3. Why is my child’s grade in your class lower than his other classes?

I don’t know. A grade in one subject area does not necessitate the same level of proficiency, or actual performance, in another. I can tell you that English is fundamentally different from other high school subjects, in that it is entirely performance-based. There is also a significant difference between competence and excellence, between adequate and exceptional performance, when it comes to literacy.

4. Can my child make up the work he did not do?

No. The work assigned must be done as assigned, when assigned. I do not believe in “make-ups” or “extra credit,” as I insist that ill-considered or careless decision-making be held to account. The only way to make up for missing work is to do all of the assigned work from now on; the more work we do, the less the zero will impact the average, but it will take time.

It is the student’s responsibility to know what the requirements, standards, assignments, due dates, etc. are, and to act accordingly. I provide students with all the information they need; they have plentiful resources, including myself, my website, and their classmates, to find it.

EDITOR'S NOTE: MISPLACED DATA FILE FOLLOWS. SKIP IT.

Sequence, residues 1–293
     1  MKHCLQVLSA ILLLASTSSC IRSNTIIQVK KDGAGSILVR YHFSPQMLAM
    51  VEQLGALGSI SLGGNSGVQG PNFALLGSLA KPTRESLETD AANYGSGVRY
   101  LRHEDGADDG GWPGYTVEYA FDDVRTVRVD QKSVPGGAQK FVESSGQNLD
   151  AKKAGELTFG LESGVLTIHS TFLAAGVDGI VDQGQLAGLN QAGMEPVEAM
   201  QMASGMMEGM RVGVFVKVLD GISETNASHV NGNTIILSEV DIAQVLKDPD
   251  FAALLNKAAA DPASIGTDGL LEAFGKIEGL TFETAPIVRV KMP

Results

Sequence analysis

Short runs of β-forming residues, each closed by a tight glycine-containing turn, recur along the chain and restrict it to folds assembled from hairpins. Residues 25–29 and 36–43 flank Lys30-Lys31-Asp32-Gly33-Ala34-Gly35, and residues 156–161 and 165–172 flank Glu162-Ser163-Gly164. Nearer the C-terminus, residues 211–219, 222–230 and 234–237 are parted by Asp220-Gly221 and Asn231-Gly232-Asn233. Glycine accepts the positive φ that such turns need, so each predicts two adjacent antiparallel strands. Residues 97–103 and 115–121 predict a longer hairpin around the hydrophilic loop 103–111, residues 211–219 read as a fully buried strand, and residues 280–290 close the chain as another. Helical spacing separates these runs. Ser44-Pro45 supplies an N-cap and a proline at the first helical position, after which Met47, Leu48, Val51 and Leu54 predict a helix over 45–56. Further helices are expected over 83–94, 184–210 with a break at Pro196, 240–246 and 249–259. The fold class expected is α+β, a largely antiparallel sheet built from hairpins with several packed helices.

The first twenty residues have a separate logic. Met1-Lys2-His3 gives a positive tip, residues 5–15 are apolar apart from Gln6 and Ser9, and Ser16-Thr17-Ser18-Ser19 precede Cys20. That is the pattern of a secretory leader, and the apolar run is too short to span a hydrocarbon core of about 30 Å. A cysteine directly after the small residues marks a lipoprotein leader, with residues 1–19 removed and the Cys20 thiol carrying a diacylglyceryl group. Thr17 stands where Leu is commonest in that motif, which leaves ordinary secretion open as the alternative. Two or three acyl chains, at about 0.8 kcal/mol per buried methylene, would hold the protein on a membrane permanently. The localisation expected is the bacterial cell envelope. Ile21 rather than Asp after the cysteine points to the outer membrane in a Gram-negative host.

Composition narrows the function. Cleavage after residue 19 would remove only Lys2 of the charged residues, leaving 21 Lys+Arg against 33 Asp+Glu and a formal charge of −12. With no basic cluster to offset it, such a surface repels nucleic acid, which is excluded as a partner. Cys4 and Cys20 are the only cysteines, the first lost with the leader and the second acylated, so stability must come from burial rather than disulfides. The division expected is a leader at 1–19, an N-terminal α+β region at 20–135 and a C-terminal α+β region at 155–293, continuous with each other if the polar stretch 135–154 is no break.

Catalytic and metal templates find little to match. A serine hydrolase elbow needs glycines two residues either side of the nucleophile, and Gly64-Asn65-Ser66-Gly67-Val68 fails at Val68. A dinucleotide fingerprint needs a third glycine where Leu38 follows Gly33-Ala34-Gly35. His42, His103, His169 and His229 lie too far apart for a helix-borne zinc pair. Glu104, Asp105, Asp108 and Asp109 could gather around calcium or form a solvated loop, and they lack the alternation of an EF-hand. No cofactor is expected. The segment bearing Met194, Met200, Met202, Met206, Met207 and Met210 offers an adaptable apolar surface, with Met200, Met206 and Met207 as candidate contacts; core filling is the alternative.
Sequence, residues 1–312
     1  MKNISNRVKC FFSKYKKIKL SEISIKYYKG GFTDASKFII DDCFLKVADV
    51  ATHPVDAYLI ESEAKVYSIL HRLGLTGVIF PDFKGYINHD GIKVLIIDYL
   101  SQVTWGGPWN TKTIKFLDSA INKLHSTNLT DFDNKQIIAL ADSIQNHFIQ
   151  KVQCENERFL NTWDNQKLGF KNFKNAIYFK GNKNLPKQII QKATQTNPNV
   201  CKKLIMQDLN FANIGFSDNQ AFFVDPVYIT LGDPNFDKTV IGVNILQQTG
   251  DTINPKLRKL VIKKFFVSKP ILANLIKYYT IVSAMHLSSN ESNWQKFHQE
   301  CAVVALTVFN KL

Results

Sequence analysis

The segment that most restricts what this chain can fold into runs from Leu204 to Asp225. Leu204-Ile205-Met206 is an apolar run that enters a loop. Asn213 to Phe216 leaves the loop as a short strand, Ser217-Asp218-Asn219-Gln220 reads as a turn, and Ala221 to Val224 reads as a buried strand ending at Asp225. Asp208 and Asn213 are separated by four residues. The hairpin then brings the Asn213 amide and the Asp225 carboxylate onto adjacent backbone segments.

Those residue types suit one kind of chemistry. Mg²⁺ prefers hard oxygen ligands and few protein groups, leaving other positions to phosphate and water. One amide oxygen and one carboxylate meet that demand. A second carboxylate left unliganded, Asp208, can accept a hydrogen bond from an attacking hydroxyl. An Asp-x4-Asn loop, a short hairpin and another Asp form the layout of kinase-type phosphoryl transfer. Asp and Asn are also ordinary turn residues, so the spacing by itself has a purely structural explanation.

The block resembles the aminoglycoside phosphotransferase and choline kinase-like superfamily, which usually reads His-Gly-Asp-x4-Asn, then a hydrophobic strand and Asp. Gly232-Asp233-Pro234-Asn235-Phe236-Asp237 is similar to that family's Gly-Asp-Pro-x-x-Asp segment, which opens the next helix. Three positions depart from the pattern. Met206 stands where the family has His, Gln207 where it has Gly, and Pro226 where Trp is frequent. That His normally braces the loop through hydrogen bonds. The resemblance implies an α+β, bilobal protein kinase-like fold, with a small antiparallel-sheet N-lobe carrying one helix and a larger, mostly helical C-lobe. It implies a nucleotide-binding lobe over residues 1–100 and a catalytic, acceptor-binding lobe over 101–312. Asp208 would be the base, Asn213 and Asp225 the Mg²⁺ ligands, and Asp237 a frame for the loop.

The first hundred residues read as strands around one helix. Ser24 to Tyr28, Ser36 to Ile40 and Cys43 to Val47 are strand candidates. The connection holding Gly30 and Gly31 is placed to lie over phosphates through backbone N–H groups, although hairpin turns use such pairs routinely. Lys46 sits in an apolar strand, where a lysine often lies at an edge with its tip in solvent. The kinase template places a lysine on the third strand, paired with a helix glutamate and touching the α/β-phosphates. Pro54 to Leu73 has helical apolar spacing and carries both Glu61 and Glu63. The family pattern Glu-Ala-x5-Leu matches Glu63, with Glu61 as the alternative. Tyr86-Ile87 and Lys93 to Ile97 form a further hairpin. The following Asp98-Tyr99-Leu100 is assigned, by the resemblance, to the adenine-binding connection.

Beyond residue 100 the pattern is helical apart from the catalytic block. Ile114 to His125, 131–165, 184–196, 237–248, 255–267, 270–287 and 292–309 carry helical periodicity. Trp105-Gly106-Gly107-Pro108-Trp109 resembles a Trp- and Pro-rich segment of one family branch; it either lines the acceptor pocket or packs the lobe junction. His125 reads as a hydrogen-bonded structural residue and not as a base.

5. What if my child was absent on the day of the final essay?

She should have done two things: (1) write the essay on her own, and (2) demonstrate to my satisfaction that her absence was necessary and unavoidable, not the result of conscious choice or her own negligence. I will not accept it otherwise. It is her responsibility to produce the essay and make sure I receive it immediately, not wait for me to tell her what to do. It is also her responsibility to explain her absence and provide adequate proof of that explanation.

6. What if my child took the notebook home

(a.)   because he did not know it was supposed to be left in the class-room?

Students were told early on that notebooks are supposed to be left in the classroom, under their desks. This is also clearly stated in the English Handbook. All work in the notebook is written in class. There is no reason for him not to know the policy, and no reason to take the notebook home.

(b.)   because she was concerned that it might be stolen?

The risk that a notebook left in the classroom will be stolen is extremely low; it has probably never happened in the six-plus years I have had this policy in place. The risk that a notebook taken out of the classroom will be lost, stolen, misplaced, left at home, etc. is substantially greater. If she takes the notebook home, she does so at her own risk. In any event, she is responsible for making sure I receive it on the day it is scheduled to be checked, which is written on the whiteboard in the classroom.